NEW YORK (Reuters) - Employers unexpectedly cut 20,000 in January, but the unemployment rate surprisingly fell to a five-month low of 9.7 percent, suggesting some labor market improvement starting to take root.
KEY POINTS: * The Labor Department said the economy shed 150,000 jobs in December, compared to 85,000 previously reported, but November was revised to a gain of 64,000, up from 4,000. Annual benchmark revisions to payrolls data showed the economy has purged 8.4 million jobs since the start of the recession in December 2007. * Analysts polled by Reuters had forecast payrolls gaining 5,000 and the unemployment rate to edge up to 10.1 percent. Median estimates from the top 20 forecasters expected payrolls to be unchanged last month. * A sharp increase in the number of people giving up looking for work helped to depress the jobless rate. The number of ‘discouraged job seekers’ rose to 1.1 million in January from 734,000 a year ago.
DOUG ROBERTS, CHIEF INVESTMENT STRATEGIST, CHANNEL CAPITAL
RESEARCH.COM, SHREWSBURY, NEW JERSEY:
“It indicates a certain form of stabilization but there’s not a bounce that everybody was looking for. Going into this with the ADP data, the Challenger data, and the initial claims data people were kind of negative.
“What is throwing people off is probably the 9.7 percent unemployment rate -- the drop in the unemployment rate --, which is positive but is not coming from new jobs created its coming from people dropping out of the work force.
“It’s a series of conflicting data ... The positive take is basically it wasn’t a total disaster, but the flip side of it is you’re not seeing a recovery.”
CARY LEAHEY, ECONOMIST, DECISION ECONOMICS, NEW YORK:
“The excitement is the unexpected drop in the unemployment rate. Both hiring and the number of people looking for work rose. That increases the sense that the unemployment rate peaked a couple of months ago. You won’t see much improvement in the unemployment rate for the rest of the year because more people will start looking for jobs, but it appears the unemployment rate is on, at worst, a flat path.
“Payrolls lost 20,000 jobs, pretty much as expected. Revisions to the prior two months offset each other. November job growth was much better but December was much worse.
“Manufacturing jobs finally grew, but that was masked by another big drop in construction jobs -- which probably was related to the weather.
“On the services side, a decrease of 48,000 jobs was led by retail trade which might be a problem of seasonal adjustments after Christmas.
“The market will probably conclude that the payrolls number should have been positive.
“Another large gain in temporary help was positive because that eventually will lead to more gains in permanent hiring.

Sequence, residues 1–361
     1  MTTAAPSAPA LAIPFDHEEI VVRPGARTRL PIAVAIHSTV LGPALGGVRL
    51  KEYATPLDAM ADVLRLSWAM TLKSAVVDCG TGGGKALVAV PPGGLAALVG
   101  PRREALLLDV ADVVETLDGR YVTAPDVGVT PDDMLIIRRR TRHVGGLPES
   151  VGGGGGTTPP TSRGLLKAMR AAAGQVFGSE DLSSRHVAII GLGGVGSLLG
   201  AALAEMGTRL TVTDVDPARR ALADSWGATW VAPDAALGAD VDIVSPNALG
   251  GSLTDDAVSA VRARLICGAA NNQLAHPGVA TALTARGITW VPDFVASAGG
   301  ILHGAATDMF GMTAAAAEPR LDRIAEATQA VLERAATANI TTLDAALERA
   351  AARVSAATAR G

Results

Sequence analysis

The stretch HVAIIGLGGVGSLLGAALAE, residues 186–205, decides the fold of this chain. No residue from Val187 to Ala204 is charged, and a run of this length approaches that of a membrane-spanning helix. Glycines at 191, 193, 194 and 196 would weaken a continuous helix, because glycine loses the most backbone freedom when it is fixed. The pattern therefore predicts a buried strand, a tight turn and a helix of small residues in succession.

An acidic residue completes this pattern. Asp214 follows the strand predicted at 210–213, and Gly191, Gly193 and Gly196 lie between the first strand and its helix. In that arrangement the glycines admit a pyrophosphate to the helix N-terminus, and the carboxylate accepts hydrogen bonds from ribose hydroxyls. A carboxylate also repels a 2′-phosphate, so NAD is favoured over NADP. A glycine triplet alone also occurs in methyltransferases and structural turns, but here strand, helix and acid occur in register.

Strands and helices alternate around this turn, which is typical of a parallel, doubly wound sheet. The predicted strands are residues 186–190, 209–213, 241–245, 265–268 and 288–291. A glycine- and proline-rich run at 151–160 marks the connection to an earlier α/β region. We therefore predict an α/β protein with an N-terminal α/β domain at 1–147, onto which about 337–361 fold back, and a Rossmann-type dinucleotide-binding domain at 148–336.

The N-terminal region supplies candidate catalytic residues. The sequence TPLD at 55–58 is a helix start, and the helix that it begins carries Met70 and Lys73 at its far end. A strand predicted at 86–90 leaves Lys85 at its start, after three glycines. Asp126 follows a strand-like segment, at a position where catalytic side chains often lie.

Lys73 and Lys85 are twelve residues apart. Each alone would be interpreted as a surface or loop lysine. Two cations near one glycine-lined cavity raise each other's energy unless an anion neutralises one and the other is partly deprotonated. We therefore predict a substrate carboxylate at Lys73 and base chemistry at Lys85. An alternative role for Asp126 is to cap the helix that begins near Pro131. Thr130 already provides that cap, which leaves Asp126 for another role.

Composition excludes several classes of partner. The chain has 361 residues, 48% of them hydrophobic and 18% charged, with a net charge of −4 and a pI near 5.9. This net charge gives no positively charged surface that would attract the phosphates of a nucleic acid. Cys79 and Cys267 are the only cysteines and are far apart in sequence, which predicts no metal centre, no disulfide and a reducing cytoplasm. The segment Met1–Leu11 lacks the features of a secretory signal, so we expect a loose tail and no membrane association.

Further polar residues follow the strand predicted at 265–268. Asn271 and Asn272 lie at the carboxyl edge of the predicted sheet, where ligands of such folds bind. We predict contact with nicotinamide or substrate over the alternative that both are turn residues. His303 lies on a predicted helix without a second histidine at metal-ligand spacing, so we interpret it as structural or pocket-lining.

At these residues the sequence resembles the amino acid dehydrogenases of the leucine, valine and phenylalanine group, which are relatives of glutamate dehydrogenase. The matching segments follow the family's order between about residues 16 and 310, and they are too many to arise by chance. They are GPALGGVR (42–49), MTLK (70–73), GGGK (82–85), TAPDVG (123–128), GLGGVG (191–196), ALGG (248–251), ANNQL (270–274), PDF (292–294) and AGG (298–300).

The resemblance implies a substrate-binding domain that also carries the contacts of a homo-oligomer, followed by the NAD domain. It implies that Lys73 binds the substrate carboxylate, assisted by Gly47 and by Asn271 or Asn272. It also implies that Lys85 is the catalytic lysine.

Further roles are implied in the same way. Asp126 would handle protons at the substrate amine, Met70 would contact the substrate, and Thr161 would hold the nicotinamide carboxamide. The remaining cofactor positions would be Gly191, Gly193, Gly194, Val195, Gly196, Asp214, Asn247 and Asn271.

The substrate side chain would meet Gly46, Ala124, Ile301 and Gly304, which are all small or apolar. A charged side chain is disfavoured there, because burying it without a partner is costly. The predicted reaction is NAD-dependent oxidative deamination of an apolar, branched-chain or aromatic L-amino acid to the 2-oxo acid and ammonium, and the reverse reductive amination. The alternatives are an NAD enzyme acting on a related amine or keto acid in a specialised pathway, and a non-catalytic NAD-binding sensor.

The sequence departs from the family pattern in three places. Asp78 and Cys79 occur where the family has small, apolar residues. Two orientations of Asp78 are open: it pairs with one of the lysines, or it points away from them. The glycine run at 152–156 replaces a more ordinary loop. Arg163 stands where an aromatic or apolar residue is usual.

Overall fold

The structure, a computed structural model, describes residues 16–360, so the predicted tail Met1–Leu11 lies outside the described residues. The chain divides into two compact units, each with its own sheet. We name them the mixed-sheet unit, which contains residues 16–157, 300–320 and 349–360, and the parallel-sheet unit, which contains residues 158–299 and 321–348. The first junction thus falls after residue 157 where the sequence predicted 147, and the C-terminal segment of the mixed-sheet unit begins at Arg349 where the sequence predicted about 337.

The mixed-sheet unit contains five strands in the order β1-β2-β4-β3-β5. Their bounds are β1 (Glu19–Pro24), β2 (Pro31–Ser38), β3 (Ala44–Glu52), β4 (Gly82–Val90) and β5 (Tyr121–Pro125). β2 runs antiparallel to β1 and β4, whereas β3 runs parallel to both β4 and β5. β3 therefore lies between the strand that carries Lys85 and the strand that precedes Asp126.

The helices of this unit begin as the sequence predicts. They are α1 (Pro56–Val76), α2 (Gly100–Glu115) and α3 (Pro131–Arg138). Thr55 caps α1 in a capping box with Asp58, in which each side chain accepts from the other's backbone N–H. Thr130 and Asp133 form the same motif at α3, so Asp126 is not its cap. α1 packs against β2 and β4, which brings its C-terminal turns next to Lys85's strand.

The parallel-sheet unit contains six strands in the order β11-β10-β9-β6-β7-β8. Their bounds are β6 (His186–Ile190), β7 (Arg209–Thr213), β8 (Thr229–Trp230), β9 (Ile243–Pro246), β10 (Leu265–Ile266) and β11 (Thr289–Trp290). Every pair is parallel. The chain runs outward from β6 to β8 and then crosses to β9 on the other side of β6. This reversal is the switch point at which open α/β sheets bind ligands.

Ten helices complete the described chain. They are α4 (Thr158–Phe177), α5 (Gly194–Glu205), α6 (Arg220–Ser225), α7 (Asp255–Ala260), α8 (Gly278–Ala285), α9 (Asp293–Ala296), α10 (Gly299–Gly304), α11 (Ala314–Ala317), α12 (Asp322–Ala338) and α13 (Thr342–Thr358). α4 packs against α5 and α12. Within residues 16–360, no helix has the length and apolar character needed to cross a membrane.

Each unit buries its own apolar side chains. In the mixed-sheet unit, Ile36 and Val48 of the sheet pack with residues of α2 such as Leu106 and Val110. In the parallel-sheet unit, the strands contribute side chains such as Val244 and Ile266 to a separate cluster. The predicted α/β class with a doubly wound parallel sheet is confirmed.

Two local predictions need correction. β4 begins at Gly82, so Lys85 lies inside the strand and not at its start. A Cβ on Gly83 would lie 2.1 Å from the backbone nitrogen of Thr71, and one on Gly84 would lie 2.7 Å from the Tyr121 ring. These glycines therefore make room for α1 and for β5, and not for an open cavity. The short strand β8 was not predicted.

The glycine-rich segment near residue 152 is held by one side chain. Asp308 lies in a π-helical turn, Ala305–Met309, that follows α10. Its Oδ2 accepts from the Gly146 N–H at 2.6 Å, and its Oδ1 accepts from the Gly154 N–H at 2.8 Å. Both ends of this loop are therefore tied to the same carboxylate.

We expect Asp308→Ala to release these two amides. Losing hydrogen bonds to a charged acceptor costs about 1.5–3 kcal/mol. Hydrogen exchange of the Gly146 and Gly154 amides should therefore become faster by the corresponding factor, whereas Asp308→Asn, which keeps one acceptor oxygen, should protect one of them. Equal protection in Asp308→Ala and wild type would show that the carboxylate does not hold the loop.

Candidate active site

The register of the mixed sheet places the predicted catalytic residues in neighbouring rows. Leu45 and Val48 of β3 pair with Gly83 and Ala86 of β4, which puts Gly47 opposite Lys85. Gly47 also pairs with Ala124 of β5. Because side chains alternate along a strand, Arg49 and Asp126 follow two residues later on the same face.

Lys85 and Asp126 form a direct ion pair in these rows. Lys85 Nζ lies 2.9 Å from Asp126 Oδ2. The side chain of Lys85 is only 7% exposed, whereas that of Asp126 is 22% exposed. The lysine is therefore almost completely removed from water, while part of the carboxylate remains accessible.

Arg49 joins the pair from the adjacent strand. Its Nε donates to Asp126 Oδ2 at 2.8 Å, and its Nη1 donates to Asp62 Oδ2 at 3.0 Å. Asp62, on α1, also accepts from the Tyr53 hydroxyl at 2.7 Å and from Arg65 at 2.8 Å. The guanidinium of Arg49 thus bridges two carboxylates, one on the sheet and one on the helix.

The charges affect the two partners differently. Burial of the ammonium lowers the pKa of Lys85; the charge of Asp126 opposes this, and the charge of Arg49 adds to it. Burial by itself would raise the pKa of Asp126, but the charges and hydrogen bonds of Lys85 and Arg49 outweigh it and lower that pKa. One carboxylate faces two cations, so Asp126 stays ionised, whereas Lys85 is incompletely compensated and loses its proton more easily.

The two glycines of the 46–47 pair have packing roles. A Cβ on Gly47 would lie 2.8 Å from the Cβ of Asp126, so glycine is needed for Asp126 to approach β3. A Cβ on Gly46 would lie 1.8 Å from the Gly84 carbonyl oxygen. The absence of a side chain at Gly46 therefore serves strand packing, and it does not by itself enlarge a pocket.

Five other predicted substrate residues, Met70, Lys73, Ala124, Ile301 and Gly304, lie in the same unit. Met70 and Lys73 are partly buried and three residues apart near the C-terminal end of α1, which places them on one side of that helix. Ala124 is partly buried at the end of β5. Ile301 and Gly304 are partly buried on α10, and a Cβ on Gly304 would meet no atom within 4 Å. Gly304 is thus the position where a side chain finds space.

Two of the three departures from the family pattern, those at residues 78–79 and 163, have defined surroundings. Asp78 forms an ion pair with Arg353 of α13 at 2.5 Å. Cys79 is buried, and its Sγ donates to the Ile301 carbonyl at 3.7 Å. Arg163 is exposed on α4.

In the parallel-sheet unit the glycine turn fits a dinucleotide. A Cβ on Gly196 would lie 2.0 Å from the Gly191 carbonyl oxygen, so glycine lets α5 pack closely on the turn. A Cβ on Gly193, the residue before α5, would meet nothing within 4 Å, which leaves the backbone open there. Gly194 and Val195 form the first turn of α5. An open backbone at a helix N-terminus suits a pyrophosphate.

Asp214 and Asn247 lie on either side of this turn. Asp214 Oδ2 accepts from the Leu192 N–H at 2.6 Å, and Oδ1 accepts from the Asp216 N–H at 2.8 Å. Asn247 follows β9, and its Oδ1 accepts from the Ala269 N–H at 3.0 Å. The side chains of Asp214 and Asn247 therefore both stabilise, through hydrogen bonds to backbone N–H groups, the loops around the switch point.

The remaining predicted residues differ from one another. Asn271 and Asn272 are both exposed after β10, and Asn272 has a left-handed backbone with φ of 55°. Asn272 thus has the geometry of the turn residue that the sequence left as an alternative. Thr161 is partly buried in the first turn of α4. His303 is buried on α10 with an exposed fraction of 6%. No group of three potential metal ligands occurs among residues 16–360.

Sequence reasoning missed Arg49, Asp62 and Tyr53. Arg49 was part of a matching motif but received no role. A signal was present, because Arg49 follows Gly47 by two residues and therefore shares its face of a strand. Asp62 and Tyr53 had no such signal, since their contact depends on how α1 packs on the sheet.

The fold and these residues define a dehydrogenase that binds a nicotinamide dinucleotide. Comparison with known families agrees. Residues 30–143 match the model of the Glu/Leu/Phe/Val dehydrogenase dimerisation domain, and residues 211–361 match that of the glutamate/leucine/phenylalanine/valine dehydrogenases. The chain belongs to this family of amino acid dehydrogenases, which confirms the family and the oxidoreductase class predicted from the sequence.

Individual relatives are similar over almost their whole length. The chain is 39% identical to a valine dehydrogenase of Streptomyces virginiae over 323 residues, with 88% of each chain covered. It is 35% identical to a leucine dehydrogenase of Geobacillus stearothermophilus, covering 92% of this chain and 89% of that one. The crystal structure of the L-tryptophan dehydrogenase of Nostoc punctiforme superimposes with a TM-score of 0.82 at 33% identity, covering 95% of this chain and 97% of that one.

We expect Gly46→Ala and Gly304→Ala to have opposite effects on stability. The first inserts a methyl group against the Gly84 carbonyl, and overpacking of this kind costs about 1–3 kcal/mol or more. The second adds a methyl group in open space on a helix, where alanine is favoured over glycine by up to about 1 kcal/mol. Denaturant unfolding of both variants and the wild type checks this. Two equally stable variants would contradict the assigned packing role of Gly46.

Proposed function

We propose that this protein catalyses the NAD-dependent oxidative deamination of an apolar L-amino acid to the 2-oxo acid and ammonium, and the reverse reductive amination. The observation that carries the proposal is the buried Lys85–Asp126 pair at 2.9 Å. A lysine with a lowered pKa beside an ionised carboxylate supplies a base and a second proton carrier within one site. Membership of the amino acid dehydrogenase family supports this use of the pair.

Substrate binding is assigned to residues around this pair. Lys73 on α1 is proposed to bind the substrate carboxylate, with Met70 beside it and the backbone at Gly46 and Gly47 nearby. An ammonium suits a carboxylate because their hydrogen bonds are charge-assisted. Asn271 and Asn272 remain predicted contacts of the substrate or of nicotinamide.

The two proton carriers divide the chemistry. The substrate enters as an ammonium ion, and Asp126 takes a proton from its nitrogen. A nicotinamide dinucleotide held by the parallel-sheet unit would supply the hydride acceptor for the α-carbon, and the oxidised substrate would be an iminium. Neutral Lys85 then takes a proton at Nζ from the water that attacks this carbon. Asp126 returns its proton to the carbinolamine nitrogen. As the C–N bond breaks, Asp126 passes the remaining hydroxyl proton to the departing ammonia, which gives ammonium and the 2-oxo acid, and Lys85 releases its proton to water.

“The workweek increased and average hourly earnings appear to be stabilizing with a gain of 0.2 percent.
“That said, when the market looks at what happens to weekly jobless claims, it still will argue that the February payrolls number will not be any better than January. You can’t say there is a lot of forward momentum, at least on the payrolls side of the ledger.
“The drop in the unemployment rate does have implications for the Fed. If the Fed sees the unemployment rate stabilizing, it’s obviously closer to lifting short-term interest rates than it would be otherwise. Everyone knows the Fed will be extraordinarily unwilling to hike rates until the unemployment rate starts to move lower.
“I would not characterize this report as in any way strong. On a scale of one to 10, it’s still a three or four.”
JOHN KILDUFF, PARTNER, ROUND EARTH CAPITAL IN NEW YORK
“The jobless data is neutral at best for energy prices. There continues to be job losses, and that will continue to translate into anemic gasoline demand.”
TOM SOWANICK, CHIEF INVESTMENT OFFICER, THE OMNIVEST GROUP,
PRINCETON, NEW JERSEY:
“The drop in the unemployment rate should be viewed in the context not that it is not a shocker but that this is the second monthly decline. The trend may now be established and that’s probably why the bond market was not reacting at first and now under pressure. Was January stronger than anticipated? The answer is yes because December was much weaker. Looking at the revision 85,000 to 150,000 last month and today it is 20,000...is that bigger than expected improvement? Absolutely. Average hourly earnings were both up month over month. In the detail, things are probably better.”
KURT KARL, HEAD OF ECONOMIC RESEARCH, SWISS RE, NEW YORK:
“It is an interesting set of numbers. Disappointment with the downturn in non-farm payrolls, but interesting that the unemployment rate ticked down quite substantially. It could mean some good news is coming soon. That is why the unemployment rate went down -- you had a very small increase in the labor force and a huge jump in household employment.”
JAY MUELLER, PORTFOLIO MANAGER, WELLS CAPITAL MANAGEMENT,
MENOMONEE FALLS, WISCONSIN:
“Last week’s gross domestic product number was largely a reflection of inventory, but actual demand is clearly not strong enough to get businesses to start hiring.
“We’re probably still at least six to 12 months away before we start to see a strong hiring trend. At the same time today’s numbers weren’t far enough away from expectations to be a major (Treasury) market mover.”
AMELIA BOURDEAU, SENIOR CURRENCY STRATEGIST, UBS, STAMFORD,
“Overall, we showed a relative improvement in payrolls today. Although we didn’t return to positive payrolls growth, we are still within expectations. The dollar had been bid before payrolls and now it has been weakening a little bit because I believe the benchmark revisions were a little more than expected. That might be a temporary reaction to revisions. Going forward, I think sovereign risk will continue to dominate and weigh on the euro versus the dollar since this payrolls number was within expectations.”
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